All of these moments happened in the geographic region I call the West.
It all started with my Dad. He loved the West. By that, he meant the Western United States. I grew up hearing him talk about the Corps of Discovery and mountain men like John Colter and Jedediah Smith. He told me about the Native Americans who lived here before us White people took it over.
I had moments of rebellion against this, but in the end he won. He introduced me to my favorite book, Centennial. My love for the West grew. Living in Southeastern Idaho, I traipsed around mountains primarily of Idaho and Wyoming, and the desert of Utah. My love for the West grew.
Eventually, I needed more than I could attain as a weekend warrior using the occasional vacation time for a week of wilderness. So, I hiked the PCT in 2016 and fell in love with long distance hiking. That spurred me to attempt a Calendar Year Triple Crown, hiking the PCT, CDT, and AT in the same calendar year. Instead, I finished the AT in early 2019 for a Single Year Triple Crown. That experience confirmed my love for the West.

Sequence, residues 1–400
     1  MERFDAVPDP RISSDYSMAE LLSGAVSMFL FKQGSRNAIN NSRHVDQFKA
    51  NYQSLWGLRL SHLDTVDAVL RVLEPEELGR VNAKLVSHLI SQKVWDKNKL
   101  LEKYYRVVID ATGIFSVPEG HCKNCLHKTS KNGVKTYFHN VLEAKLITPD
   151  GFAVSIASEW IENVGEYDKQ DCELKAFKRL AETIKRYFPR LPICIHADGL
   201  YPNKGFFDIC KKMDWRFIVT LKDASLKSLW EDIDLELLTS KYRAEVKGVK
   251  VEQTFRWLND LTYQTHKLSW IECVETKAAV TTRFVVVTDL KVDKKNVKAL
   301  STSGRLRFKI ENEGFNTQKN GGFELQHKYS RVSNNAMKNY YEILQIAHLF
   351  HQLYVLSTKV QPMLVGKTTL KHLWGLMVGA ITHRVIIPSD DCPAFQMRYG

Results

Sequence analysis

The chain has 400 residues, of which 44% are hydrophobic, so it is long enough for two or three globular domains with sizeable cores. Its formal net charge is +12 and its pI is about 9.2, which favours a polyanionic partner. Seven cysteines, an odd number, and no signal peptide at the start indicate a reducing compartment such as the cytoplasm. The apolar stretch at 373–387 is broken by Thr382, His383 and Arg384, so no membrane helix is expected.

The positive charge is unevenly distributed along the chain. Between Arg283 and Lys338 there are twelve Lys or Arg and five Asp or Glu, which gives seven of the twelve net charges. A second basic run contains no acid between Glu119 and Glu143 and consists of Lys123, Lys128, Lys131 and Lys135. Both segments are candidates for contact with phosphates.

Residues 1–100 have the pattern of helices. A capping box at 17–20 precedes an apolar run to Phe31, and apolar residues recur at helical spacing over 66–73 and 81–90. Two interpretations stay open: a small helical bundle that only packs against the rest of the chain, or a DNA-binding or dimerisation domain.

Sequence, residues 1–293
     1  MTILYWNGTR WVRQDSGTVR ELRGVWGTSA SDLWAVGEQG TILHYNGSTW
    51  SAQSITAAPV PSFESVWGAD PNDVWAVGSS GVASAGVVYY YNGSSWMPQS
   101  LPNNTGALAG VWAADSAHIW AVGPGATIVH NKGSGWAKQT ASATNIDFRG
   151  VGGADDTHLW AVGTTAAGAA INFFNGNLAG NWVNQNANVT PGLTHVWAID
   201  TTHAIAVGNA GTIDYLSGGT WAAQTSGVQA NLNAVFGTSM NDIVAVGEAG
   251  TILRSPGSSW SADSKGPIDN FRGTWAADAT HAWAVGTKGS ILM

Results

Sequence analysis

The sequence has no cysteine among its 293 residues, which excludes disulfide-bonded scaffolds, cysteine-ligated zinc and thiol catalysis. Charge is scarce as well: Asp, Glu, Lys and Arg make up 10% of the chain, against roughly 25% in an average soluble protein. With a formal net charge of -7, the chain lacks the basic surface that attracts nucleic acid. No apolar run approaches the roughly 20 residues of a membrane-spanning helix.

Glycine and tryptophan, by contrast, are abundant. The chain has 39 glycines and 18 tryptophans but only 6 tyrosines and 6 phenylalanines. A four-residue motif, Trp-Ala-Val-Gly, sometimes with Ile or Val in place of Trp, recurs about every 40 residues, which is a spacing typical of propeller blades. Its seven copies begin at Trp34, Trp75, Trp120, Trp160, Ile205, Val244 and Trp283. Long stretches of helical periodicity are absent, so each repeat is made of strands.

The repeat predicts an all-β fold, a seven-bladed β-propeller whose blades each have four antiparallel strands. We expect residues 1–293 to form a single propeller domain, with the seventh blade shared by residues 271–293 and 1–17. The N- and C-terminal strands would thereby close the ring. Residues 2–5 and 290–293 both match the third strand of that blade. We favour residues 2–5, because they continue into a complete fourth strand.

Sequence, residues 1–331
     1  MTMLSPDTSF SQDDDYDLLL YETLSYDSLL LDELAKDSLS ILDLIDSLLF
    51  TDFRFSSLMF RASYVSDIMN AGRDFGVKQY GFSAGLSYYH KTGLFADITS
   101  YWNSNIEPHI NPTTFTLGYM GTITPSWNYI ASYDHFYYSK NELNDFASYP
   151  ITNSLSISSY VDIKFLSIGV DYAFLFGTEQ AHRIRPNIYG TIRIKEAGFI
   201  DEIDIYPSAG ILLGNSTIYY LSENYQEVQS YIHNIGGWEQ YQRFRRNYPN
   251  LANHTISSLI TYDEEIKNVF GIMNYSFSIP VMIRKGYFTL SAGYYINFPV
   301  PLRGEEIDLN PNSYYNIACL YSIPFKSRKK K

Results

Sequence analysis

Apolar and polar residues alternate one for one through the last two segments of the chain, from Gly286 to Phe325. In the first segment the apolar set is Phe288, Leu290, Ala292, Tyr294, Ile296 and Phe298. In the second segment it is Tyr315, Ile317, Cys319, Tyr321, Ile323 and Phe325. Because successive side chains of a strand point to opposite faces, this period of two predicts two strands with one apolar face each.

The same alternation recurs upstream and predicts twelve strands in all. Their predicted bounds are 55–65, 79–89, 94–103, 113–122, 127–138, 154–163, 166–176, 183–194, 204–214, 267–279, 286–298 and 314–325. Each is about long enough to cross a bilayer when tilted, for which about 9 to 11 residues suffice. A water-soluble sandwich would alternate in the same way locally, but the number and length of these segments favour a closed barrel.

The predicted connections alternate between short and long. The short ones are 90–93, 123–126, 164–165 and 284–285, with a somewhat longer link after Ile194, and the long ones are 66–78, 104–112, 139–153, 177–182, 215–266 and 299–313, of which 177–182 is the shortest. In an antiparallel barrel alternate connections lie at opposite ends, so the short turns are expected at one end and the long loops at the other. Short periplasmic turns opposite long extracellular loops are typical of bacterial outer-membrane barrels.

During my time on the AT, I met Philip Carcia who was attempting an FKT grid for the 4,000 foot peaks in the White Mountains of New Hampshire. That meant that he climbed all 48 peaks each month for 12 consecutive months. Actually, he had so much fun that he continued for an extra two months. The reason for this devotion to the Whites was his absolute love for the Whites.
I like the Whites, I don't love them. I do love that Philip loves them so much to devote a year of his life to them. This has inspired a woman to do the same thing, but she is gridding the South Beyond 6,000 feet mountains in the southern Appalachians. Once again, I do not love those mountains, but I do love that Caet Cash loves them enough to grid them.
I love the West. I mean mostly the geographic region.
In Utah, I kept seeing bumper stickers saying Protect Wild Utah. This got me obsessed with the idea of wild. I asked a friend of mine about the AT which she had recently hiked most of and one of her criticisms was that it wasn't very wild. I smiled at this sentiment, but thought, I don't think its very wild in the West either. Only once in almost 8,000 miles of hiking did I feel like I was in a location where it would have turned into a true survival situation if something bad happened.